View Full Version : Fujinon W vs. Apo Sironar N in 300m f5.6

3-Apr-2008, 14:17
I need a long 5.6 lens on my 4x5 to be used in the studio for art reproduction. Ideally I would like a Sironar S or Apo Symmar L in this length, but unfortunately the ones I can find for sale are astronomically priced.

Is there anyone who has used the Fujinon W and/or the Sironar N in this focal length on 4x5 and can say which is better for my particular application? I don't use a lot of movements but would be interested in the bigger sweet spot, color/contrast and edge to edge sharpness.

3-Apr-2008, 14:20
Also, I would like to know how the Apo Symmar S 300mm f5.6 compares to the other lenses as well for this application. Thanks.

3-Apr-2008, 16:43
PM sent

3-Apr-2008, 22:42
All of these lenses have lots of coverage for 8x10 so no worries about 4x5. They are all BIG and HEAVY.

4-Apr-2008, 00:39
I use a Fuji W 300 f5.6 as my main 8x10 lens. Lots of movement on a 8x10. Heavy as mentioned, but as I do a lot of work in the dense forest, the speed of the lens is well worth it. It is in a Copol 3 shutter. No complaints about the lens...does a great job...good contrast, sharp to the corners of an 8x10 (I don't shoot color). I don't really think about its weight and size...doesn't seem big relative to an 8x10. It will dominate a 4x5 camera in a pack, though! Can your 4x5 handle such a lovely beast?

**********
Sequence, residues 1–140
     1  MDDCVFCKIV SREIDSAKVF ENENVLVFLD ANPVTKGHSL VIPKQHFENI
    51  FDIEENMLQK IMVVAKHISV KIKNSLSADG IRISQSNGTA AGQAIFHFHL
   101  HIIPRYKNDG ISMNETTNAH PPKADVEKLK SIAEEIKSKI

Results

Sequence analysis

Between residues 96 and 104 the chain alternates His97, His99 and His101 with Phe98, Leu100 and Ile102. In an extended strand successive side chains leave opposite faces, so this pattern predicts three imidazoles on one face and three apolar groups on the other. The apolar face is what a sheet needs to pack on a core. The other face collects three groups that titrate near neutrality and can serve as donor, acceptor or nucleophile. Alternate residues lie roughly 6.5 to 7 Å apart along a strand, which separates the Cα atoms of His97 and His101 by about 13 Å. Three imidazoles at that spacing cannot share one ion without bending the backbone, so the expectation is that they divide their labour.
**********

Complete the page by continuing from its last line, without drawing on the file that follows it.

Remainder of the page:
If you don't need the speed, the Fuji C 300/8.5 might be for you -- smaller and much lighter and still has an image circle that will allow more movements than your camera probably can make. Other possibilities is the Fuji A 300/9 and the Nikon M 300/9. All three are in Copol 1 shutters. The A has the same image circle as the W (420mm) and the C has 380mm...don't know the M's, but it would be in that ballpark.


JJ Viau
4-Apr-2008, 04:39
Hello there,

I can only speak about my experience with the 8x10 format. I use a monocoated 300W as my main lens today and used to use an Apo Sironar N 300mm too (but got frustrated with eth coverage). To me the Rodenstock negatives are sharper and contrastier. The Fuji is still the lens of choice for me for my type of work though...